The New Normal
Nearly a week after the killings, business-as-usual is the banner flying over Paris. The return to normal, with its flavour of defiance, can be observed in action anywhere from Châtelet as far as the city gates. (At Château Rouge, three stops from Porte de Clignancourt, the pace of African street trade is undiminished – phone cards, groundnuts, roasted corn cobs – as dense crowds gather round the vendors.) But normal is highly circumscribed and the siege yesterday in St Denis illustrates how elusive ordinary life can be on the other side of the Boulevard Périphérique: scores of armed police and soldiers deployed; 5000 rounds discharged; an explosives-suicide in the apartment under siege; the suspected ringleader, Abdelhamid Abaaoud, shot dead; eight arrests. Worse, perhaps, than the immediate fear among residents is the fact that the suspects were tracked to a neighbourhood with a conspicuous migrant culture. Roughly 60 per cent of under-18s in the department of Seine-St Denis are descended from immigrants. Through no fault of the residents or the security forces, we can if we like make a reductive association between the killers and a diverse group of citizens who nonetheless look much the same in the bleak light of emergency: ‘Muslims’.
Dangerous assumptions keep coming back to haunt the big conurbations in France, most of them with two parts – an older and a newer – that fail to constitute a whole. The arrangement parodies the former colonial towns of Africa, with their well-kept ‘nouvelles villes’ for settlers and the administration, and their old, ‘authentic’ areas for the colonised. In metropolitan France it is the newer parts – the large estates in the banlieues – with settler influxes from the former colonies, that struggle against soul-destroying forms of ‘authenticity’: endemic youth unemployment, substandard housing, extremist faith groups, higher-than-average crime rates.
Vestiges of colonial times can suddenly take on new life here. Last Friday, 19 people were gunned down at a bistro on the rue de Charonne in the 11th arrondissement, three minutes’ walk from the Charonne metro, itself the scene of a police crime in 1962, when the left came out to demonstrate against the war in Algeria – all but done and dusted – and the actions of far right terrorists opposed to decolonisation. Nine militants were killed in the mezzanine area of the subway: a memorial plaque, put up by the Communist Party and the CGT, marks the spot. Five months earlier – October 1961 – a demonstration which drew thousands of Maghrebi French into the centre of Paris was savagely repressed: the historian Benjamin Stora puts the number of dead between 50 and 120, others suggest it was higher. The descriptions of what happened last week as the worst massacre in Paris ‘since the Second World War’ may well be wrong.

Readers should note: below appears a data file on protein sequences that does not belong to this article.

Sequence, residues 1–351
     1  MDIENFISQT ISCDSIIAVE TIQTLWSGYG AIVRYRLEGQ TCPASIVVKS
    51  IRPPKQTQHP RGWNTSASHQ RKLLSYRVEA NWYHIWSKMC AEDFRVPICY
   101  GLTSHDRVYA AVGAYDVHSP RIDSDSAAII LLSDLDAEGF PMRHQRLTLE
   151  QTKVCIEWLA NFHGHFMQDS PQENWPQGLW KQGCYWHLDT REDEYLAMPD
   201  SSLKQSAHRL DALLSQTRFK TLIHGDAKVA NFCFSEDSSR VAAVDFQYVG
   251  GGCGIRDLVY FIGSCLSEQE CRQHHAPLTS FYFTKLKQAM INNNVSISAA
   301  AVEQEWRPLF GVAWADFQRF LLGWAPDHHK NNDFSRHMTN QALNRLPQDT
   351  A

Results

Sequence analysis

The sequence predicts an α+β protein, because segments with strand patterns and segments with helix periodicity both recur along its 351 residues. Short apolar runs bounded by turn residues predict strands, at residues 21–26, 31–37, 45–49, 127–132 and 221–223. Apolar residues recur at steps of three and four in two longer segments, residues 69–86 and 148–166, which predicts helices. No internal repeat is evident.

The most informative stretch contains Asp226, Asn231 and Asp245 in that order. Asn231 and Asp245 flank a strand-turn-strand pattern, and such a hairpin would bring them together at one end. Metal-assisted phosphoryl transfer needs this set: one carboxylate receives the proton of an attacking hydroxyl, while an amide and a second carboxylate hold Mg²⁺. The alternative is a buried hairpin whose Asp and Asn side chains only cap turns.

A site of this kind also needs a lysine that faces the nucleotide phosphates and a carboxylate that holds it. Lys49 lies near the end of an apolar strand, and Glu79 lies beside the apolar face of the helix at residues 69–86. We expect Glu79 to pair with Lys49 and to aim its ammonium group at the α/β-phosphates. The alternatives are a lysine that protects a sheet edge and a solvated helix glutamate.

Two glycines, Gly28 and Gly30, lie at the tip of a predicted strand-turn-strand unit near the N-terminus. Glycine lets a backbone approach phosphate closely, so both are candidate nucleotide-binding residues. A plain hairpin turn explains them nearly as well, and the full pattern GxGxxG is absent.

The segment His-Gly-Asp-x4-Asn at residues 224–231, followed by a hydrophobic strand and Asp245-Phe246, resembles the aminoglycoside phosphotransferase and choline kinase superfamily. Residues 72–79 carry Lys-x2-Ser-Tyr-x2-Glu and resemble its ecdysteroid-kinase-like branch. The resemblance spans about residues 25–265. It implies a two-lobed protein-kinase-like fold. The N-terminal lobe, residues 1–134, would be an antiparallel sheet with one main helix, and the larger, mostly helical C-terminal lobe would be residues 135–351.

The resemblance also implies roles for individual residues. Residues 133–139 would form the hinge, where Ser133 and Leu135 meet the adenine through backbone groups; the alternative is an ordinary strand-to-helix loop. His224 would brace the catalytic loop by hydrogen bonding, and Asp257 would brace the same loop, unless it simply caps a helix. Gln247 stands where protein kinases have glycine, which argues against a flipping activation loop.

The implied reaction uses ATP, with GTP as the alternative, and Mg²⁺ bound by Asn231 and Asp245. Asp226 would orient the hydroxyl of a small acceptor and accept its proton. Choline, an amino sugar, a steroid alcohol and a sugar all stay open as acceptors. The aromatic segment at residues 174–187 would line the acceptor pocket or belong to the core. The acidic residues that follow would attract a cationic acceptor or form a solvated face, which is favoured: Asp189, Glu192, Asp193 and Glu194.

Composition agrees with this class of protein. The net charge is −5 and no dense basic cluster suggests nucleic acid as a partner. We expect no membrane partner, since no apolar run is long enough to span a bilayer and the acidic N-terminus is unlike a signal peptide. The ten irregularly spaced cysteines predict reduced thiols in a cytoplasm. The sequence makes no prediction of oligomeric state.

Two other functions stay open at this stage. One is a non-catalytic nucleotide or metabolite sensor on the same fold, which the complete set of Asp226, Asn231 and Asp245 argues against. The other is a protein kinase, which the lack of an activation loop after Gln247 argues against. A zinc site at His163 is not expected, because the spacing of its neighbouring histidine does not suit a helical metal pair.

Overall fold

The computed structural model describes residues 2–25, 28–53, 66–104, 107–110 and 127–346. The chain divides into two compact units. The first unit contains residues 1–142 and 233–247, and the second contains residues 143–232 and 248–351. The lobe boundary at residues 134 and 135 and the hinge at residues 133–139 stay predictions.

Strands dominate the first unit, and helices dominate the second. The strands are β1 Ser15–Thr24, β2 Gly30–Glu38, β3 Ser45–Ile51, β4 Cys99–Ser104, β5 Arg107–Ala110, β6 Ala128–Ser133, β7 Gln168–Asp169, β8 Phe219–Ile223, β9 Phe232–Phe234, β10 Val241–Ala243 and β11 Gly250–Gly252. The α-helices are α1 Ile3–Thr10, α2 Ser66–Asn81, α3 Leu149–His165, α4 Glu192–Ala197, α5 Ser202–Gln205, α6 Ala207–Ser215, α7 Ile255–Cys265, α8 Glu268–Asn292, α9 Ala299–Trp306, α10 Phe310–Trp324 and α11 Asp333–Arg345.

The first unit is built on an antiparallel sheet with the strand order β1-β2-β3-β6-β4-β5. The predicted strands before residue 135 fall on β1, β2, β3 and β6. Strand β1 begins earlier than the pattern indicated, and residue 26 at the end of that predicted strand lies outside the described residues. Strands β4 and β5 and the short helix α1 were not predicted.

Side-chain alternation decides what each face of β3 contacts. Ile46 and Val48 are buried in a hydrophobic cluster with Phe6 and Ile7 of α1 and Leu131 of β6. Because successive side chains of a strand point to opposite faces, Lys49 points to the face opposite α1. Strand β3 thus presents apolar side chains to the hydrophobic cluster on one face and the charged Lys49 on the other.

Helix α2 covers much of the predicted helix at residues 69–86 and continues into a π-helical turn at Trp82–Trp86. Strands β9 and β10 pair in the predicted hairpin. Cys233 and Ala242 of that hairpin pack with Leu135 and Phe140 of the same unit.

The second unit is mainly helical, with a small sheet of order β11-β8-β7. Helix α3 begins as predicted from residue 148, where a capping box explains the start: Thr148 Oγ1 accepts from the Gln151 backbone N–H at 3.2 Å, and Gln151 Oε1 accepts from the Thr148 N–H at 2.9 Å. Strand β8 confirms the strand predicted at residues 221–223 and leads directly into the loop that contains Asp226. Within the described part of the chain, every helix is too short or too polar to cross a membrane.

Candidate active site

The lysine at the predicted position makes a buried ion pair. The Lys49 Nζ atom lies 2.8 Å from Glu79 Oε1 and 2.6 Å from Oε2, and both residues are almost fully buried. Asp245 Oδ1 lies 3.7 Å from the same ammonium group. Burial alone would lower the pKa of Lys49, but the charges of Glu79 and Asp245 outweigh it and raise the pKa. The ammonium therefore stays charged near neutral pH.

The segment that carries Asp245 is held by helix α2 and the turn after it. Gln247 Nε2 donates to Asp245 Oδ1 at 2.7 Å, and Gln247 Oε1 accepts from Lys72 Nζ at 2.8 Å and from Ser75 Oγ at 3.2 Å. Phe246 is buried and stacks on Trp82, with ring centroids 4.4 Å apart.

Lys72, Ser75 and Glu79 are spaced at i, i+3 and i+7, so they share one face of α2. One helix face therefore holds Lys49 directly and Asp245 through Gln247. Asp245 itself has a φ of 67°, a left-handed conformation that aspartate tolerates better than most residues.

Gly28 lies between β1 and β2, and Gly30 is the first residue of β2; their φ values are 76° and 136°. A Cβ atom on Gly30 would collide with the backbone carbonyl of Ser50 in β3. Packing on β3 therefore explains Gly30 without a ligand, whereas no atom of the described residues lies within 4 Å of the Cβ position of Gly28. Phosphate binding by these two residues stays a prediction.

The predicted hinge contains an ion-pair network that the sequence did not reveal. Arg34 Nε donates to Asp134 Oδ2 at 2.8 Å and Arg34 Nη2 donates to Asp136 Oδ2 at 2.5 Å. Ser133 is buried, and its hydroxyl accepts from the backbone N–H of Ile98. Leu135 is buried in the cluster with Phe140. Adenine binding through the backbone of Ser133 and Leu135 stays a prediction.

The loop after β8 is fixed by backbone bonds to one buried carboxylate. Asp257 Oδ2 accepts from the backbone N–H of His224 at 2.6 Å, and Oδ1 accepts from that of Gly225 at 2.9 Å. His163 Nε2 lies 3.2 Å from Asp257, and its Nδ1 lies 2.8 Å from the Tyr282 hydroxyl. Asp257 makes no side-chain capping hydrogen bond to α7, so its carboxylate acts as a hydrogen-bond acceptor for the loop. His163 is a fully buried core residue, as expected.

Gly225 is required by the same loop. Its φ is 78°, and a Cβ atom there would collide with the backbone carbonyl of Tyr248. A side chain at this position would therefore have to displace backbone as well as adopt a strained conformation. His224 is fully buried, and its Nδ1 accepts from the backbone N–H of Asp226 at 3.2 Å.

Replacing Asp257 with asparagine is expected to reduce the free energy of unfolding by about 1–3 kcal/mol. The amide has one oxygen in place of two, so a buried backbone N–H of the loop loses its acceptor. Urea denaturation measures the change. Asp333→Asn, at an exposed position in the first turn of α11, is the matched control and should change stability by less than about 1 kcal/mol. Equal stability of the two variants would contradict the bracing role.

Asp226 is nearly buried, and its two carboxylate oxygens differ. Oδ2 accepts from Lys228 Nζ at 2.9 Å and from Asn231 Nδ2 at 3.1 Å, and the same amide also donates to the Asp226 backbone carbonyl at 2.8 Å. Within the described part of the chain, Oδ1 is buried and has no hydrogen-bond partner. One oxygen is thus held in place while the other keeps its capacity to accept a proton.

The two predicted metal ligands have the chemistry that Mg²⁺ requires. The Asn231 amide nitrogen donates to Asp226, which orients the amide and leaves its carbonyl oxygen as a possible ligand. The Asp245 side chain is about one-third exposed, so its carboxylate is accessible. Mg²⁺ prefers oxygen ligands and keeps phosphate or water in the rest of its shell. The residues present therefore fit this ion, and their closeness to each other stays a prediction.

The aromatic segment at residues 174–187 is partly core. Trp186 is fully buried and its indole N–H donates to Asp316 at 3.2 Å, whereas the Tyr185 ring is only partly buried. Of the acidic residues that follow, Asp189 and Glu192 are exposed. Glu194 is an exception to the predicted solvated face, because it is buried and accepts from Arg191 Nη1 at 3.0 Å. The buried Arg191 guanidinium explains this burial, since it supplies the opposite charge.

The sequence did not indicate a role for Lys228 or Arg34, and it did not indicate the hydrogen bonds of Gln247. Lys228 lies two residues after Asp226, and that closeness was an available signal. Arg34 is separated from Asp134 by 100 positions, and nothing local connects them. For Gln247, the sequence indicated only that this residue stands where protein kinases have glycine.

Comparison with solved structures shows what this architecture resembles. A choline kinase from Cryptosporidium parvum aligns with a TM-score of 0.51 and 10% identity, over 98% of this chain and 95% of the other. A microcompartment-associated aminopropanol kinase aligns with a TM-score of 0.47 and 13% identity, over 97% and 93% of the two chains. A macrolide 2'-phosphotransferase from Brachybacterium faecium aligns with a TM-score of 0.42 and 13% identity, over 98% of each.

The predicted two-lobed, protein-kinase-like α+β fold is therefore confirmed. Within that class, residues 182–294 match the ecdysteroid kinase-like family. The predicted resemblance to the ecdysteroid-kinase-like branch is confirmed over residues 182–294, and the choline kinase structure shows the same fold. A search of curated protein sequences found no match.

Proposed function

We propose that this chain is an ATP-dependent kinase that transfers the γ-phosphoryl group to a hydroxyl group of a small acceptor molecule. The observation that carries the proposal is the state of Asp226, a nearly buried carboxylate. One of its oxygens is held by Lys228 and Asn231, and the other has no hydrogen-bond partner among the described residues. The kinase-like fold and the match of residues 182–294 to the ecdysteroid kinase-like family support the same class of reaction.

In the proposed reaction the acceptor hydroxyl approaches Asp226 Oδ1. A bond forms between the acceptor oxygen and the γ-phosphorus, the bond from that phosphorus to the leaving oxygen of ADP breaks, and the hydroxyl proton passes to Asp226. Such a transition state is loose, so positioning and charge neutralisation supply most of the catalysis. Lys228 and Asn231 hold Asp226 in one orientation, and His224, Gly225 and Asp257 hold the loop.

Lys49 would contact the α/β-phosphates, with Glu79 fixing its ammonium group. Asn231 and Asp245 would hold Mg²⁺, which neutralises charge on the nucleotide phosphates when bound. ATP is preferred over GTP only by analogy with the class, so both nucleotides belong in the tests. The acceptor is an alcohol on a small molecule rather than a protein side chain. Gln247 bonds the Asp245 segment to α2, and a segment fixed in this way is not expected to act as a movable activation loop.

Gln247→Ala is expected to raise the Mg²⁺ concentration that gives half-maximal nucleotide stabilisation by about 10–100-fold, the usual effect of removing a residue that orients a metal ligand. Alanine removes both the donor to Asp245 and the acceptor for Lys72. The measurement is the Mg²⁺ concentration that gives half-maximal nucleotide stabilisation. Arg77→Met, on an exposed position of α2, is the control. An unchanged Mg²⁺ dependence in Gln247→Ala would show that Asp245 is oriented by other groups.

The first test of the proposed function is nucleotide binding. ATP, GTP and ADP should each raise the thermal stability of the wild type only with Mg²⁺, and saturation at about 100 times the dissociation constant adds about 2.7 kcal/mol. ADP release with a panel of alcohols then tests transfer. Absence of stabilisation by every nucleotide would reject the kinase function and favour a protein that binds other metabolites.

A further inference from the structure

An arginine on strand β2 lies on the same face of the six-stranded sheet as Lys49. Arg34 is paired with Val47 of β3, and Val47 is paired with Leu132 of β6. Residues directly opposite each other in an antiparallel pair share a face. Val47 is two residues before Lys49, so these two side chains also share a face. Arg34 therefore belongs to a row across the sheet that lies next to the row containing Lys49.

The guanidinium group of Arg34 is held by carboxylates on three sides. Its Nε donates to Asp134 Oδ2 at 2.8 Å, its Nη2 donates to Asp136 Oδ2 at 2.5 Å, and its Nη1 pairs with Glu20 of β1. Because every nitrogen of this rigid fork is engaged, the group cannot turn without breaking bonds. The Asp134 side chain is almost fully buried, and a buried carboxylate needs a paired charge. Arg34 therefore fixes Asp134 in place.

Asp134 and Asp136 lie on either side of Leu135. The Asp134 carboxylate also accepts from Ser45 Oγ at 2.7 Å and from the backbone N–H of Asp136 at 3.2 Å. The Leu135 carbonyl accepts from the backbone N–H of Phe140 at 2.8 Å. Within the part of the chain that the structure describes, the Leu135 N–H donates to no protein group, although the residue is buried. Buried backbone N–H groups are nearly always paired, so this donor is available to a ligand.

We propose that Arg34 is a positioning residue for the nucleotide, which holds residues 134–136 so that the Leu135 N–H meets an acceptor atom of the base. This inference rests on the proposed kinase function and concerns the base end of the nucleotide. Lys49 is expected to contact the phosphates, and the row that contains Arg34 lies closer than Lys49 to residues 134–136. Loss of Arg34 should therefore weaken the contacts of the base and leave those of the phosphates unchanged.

What could bring this kind of conversation to an end? Four years ago, Octobre à Paris, a pioneering documentary made by Jacques Panijel a few months after the events in 1961 – and long suppressed by the censor – was screened in France to great acclaim. In 2012 Hollande ‘clearly acknowledged’ the massacre. But the Algerian war still hasn’t found a point of stability on the spectrum of Republican commemoration. The bitterness of white settlers in Algeria, repatriated in 1962, is loyally reproduced by many of their descendants in France, who brood on a second betrayal – ‘Arab’ inward migration – that compounds the first. On the other side, among second and third generations of Maghrebi descent (all French citizens), the anger and fear of forebears are kept at room temperature along with the memory of Algeria’s colonial torment. All the while there is a fierce wish to move away from stale arguments, sterile labour markets and stagnating inequalities, and clamber past the barriers – social, economic, spatial and racial – that kettle residents in the banlieues. Research last year in Seine-St Denis found that about 72,000 people aged 15 to 39 – roughly 22 per cent of that age group – were neither studying nor working.
The nagging fear is what the caliphate and its friends might think of next. Manuel Valls, Hollande’s prime minister, warned today of ‘chemical or bacteriological’ attacks as he drove through a bill to extend the emergency. Talk like this makes the rehearsal of ‘le quotidien’ in central Paris all the more impressive. But the Isis strategy already aims to generate a toxic cloud, dividing Muslims from other Muslims, and both from non-Muslims; stirring animosities already barely held in check; forcing rational discourse into the restraint position; melting the mask of the caliphate on the face of any criminal adolescent who tries it on; tailoring the rhetoric of ‘secular’ values to suit any provincial atheist or spiv philosopher; cementing parti pris; disseminating violence and repression. France looks frighteningly susceptible to the rough-and-ready products of the Isis lab technicians. This is a country with its own style of officious provocation, where at least three mayors have decided to scrap alternatives to pork in school canteens, and the Algerian war is still an object of febrile contemplation. Why be shocked if it turns out to be the country where citizens are happy – happier, at any rate, than Dutch or British subjects with the same grievances – to think of Isis as a new hero in the narrative of decolonisation?